Monday, March 24, 2014

Good, Bad & Ugly Interview

The Stand Comedy Club asked me some questions about “The Good, The Bad and The Ugly” show we're doing at The Glasgow Comedy Festival on Monday 31st March.

The show features me, Mark Nelson, Bruce Morton, Julia Sutherland plus a *SPECIAL GUEST* (All people you've seen on Mock The Week, Have I Got News For You, Michael McIntyre's Comedy Roadshow, Rab C. Nesbitt, Still Game, The Now Show and The News Quiz.)...anyway...

When you're given a list of your forthcoming shows and you see that The Stand is included in that list, what do you think?

Hmm. Interesting. You’re starting an interview with ME by talking about YOU? OK, let’s talk about The Stand, but you really should look up the term "narcissistic personality disorder" in a medical dictionary…

What's your take on each of the 3 Stand clubs, both the clubs themselves and the audiences at each?

Every comedian knows the Stand Comedy Clubs are three of the best comedy clubs in Britain. The staff understand comedy, the audiences understand comedy, the rooms are laid out with comedy in mind. If someone was setting up a new club the Stand would be the perfect blue print of how to do it. Are you happy now?

Do you need to adapt your act in any way for each club, or does the city/venue not affect what you do?

I never adapt my act because (a) I'm not clever enough to do that, and (b) it would be insulting and patronising to the audience.

I don’t subscribe to the theory that different towns like different styles of comedy. For example: what is the Glaswegian sense of humour? Is it Billy Connolly or is it David Keay? Is it Chick Murray or is it Jerry Sadowitz? Is it Janey Goodly or is it Susan Calman?

Turns out it’s all of them. Audiences in Glasgow just want to see good comedians and laugh. The same goes for Edinburgh and Newcastle. And Portsmouth, and Liverpool and every other town in Britain. Except for Newbury. They don't like to laugh in Newbury. I know that because I've played there twice. Never again.

What made you want to do a monthly show at The Stand in Edinburgh, was it just practical reasons, the feel of the room itself, or the type of crowd that it attracts was best suited to this sort of show?

It’s 10 minutes walk from my house. What? Oh sorry. I mean, the audiences in Edinburgh are intelligent and sophisticated.

We recognise that you work very hard on the show, both on its component parts and booking appropriate guests to appear on it, so could you overlook that and sum it up for us in an easily digestible soundbite?

“The Good, The Bad and The Ugly” is the ultimate live comedians panel-show. Four comedians onstage, working off each others lines. No-one is censored, no-one is sober.

You’ve done TV panel shows and will no doubt have read the criticisms by some about their competitive nature, and how they’ve affected the live comedy scene and people expectations when they come to a live show.  Did you have this in mind when devising a panel show that seems less about each act trying to crowbar in their material?

The Good, The Bad and The Ugly” is definitely less combative. Before the Glasgow Comedy Festival show Mark Nelson, Bruce Morton and our *special guest* will be backstage doing each others hair and swapping knitting patterns, I’ll be decanting the sherry and host Julia Sutherland will be taking up the hem of her miniskirt.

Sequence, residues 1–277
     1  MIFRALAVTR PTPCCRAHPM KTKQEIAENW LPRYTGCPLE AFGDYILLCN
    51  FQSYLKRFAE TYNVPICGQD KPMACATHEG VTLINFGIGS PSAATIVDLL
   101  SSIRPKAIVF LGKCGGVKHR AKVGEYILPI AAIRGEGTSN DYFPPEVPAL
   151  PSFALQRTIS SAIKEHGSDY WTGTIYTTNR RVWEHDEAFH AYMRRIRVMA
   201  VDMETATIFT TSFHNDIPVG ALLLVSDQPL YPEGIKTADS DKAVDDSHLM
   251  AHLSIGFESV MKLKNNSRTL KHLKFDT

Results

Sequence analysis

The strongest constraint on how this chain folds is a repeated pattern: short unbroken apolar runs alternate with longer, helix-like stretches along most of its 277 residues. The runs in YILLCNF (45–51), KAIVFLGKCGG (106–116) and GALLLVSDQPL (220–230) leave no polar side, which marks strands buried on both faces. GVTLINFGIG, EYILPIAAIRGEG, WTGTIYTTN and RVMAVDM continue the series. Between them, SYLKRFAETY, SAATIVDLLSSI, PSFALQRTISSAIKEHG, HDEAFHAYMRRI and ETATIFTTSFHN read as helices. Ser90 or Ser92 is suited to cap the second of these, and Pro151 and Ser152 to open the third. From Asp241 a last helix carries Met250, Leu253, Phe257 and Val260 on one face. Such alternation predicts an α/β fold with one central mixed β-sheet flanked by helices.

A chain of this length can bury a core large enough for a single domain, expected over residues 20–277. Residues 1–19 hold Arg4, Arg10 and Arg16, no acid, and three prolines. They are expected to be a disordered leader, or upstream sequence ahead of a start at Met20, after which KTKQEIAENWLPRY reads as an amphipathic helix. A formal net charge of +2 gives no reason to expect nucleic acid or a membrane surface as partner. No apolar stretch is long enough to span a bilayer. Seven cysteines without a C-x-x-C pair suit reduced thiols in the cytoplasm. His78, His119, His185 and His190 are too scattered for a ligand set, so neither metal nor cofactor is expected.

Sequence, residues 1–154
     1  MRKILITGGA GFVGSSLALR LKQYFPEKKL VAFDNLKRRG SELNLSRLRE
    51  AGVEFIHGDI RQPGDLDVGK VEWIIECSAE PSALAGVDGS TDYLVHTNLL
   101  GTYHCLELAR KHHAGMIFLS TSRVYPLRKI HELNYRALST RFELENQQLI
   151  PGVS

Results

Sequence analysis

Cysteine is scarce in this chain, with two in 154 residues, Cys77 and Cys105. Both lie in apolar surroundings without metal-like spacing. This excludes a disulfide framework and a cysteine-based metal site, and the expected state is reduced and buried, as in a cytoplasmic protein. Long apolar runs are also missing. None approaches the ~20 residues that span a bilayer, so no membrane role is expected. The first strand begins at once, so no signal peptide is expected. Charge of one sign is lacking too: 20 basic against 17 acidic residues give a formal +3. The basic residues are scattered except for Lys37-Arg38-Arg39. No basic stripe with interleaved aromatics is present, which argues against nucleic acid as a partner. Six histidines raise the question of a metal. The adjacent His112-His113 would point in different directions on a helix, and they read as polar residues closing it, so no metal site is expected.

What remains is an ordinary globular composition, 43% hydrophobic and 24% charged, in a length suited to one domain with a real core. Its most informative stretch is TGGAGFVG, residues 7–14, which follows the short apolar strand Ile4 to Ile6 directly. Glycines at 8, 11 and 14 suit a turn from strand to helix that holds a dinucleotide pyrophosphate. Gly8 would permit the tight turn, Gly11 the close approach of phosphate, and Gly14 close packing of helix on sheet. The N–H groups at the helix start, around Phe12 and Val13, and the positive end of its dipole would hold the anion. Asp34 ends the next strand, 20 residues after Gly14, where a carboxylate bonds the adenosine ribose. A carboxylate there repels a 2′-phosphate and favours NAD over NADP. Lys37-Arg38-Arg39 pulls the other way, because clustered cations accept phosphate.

I wanted the show to be fun for the comedians and audience alike. It’s relaxed enough that the comics can make off-the-cuff remarks, but they’re still very much on the ball and chasing laughs. Often at each others expense.

If someone has seen the show before, how will the Glasgow show compare to those?

The Glasgow Comedy Festival show will be more feisty. We’ve got local lad Mark Nelson and comedy-legend Bruce Morton on the bill, along with a *special* guest we can’t name. The questions will definitely have more of a “57th most liveable city in the world” slant. And I wouldn’t be surprised if the Commonwealth Games gets a mention.

The last Good, Bad and Ugly show in Edinburgh is available for download on itunes, will forthcoming shows be available to download not long after the live show? 

Yes - the show will be recorded and the podcast should be out a couple of days later. Why not come to the show, laugh loudly, download the podcast, then try and identify your own laughter?

When you moved to Edinburgh a few years ago, you could easily have settled into a role of big fish in a small pond, the comedian from the telly than can move from headline gig to headline gig doing the same commercial material, but you’ve gone in the opposite direction. Are you averse to resting on your laurels and feel compelled to keep evolving and developing your comedy?

Wow. I wish I had some laurels to rest upon.

I’m always working on new material. I know some comics are happy to perform the same routines for several years, and there’s absolutely nothing wrong with that, but I get more excited when I’m trying something new.

I have a rule for new material: If I try a new joke three times and it doesn't get a laugh - I throw the audience away.

What prompted you to form the Edinburgh Comedy Collective, and to use this show as a platform to allow local acts the chance to try new things that they’d never get the opportunity to do so elsewhere?